Why do we stop for baby ducks?


A few years ago, I commuted regularly on one of our busiest freeways. One afternoon, I left a bit early and the traffic was moving at nearly the speed limit. Suddenly, approaching the intersection with another freeway, brake lights flashed and the entire 3-lane eastbound flow came to a screeching halt. Was the cause an accident, stall, emergency vehicle priority, lost load? No, the answer was the little clump of 6 that had been patiently waiting (I assume) in the concrete median for a slight break in traffic. The group consisted of a mother duck and 5 very small fuzzy brown ducklings, about the size of the ones pictured.

Traffic flow specialists, law enforcement personnel, and most others who work to expedite traffic tell us that we should NOT stop, swerve, or slow. Supposedly, squashing a duckling is minor compared with causing a potential accident and delaying hundreds of commuters by creating a jam. But have you ever seen traffic, even heavy rush-hour traffic, ignore the quackers and plow ahead? I haven’t in over 40 years of commuting. But that doesn’t answer the question; why do we stop?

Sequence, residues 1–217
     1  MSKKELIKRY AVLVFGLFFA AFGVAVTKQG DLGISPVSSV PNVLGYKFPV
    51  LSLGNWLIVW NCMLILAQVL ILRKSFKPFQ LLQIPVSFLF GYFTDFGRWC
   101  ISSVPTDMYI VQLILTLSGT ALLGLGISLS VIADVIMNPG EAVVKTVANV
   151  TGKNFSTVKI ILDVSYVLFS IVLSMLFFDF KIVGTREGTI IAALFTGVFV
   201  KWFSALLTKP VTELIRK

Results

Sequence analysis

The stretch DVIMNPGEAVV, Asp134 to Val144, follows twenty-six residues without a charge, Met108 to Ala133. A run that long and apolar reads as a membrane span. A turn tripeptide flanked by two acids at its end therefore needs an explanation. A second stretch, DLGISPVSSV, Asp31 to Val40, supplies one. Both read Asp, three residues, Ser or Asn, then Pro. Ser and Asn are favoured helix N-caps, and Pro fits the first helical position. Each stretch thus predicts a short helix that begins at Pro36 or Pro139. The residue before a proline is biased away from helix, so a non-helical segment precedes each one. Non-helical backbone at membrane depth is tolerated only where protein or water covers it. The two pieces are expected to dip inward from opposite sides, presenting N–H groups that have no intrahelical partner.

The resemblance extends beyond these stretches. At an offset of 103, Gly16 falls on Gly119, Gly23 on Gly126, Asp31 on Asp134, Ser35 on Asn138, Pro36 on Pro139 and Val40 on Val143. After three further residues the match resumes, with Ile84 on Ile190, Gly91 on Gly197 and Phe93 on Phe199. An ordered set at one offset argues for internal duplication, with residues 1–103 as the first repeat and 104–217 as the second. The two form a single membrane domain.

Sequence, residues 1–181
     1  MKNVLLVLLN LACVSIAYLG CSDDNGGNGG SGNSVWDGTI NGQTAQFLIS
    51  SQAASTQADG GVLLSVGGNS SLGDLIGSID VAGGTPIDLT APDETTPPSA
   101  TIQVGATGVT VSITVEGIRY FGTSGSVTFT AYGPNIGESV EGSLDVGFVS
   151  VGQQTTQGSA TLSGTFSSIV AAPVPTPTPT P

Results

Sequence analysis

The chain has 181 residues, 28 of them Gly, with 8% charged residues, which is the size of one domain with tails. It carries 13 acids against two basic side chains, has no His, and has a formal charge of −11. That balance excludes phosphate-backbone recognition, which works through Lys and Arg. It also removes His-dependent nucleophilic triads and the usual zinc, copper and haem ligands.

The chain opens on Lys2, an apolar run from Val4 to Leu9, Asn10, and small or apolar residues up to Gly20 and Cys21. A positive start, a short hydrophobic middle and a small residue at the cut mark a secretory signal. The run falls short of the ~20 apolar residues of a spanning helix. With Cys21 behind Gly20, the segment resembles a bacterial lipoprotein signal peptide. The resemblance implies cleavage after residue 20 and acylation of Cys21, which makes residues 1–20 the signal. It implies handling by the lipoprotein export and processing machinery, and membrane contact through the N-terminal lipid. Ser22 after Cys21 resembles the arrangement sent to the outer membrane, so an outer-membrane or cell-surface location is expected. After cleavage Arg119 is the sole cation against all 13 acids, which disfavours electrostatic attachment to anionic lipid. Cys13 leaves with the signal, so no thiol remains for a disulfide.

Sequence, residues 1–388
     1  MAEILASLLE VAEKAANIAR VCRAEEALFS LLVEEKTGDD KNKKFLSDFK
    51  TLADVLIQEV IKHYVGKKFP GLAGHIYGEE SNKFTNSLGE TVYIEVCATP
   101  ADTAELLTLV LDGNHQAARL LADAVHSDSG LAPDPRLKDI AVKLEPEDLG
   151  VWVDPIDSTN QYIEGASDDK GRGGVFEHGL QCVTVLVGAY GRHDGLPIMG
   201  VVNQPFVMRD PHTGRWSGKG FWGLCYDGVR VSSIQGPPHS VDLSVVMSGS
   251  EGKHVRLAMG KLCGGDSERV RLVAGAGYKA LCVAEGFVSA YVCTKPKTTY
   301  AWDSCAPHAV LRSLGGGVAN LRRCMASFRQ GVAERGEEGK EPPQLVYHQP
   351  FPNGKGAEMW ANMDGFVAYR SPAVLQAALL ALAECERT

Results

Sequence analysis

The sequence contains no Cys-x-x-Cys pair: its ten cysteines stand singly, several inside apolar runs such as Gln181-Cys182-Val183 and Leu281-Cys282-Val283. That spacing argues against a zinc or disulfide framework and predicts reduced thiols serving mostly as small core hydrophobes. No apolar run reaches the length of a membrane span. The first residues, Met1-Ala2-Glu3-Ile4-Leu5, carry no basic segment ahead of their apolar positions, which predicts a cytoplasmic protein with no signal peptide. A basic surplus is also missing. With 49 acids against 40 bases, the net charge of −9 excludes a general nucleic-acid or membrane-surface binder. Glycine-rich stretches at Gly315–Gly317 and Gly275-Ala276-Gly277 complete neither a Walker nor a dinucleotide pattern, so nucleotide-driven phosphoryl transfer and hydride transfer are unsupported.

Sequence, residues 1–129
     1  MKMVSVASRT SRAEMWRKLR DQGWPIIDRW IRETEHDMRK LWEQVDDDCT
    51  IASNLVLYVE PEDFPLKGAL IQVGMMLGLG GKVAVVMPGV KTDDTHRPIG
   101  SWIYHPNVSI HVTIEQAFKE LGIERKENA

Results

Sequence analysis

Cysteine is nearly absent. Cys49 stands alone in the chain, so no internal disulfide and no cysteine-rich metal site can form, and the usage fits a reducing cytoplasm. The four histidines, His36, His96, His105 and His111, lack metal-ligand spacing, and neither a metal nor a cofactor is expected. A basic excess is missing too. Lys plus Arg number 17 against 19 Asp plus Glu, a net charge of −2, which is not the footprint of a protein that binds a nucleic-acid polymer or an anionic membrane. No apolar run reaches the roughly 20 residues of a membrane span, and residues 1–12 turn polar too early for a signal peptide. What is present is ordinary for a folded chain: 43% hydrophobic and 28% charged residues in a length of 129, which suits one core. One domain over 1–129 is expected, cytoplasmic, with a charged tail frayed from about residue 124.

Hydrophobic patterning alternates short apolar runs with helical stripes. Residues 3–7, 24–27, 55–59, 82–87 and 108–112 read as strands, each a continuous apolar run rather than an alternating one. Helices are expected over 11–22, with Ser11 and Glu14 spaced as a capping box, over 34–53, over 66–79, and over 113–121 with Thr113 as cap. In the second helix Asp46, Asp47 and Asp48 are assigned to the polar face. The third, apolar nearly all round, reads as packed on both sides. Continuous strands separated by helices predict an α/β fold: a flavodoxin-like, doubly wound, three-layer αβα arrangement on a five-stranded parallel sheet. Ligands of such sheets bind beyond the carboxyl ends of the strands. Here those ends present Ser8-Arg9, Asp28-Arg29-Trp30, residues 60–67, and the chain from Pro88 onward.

Personally, I think the answer is that we see in the little guys hope and promise. They will have a tough enough road ahead. We want to be enablers and, in a small way, the single action of applying the brakes raises our self-esteem.

We’d love to hear about your wildlife experiences.

Guest blogger Bob May, CTO




About tembua

Tembua: The Precision Language Solution provides comprehensive linguistic services for 100 languages to private industry and government agencies on a global scale. Services include document and website translation and localization; conference and 24/7 telephonic interpretation; glossary development; proofreading, text adaptation, editing, multilingual design and DTP; transcription; technical / custom authoring editing, foreign search engine optimization; translation memory management; subtitling.
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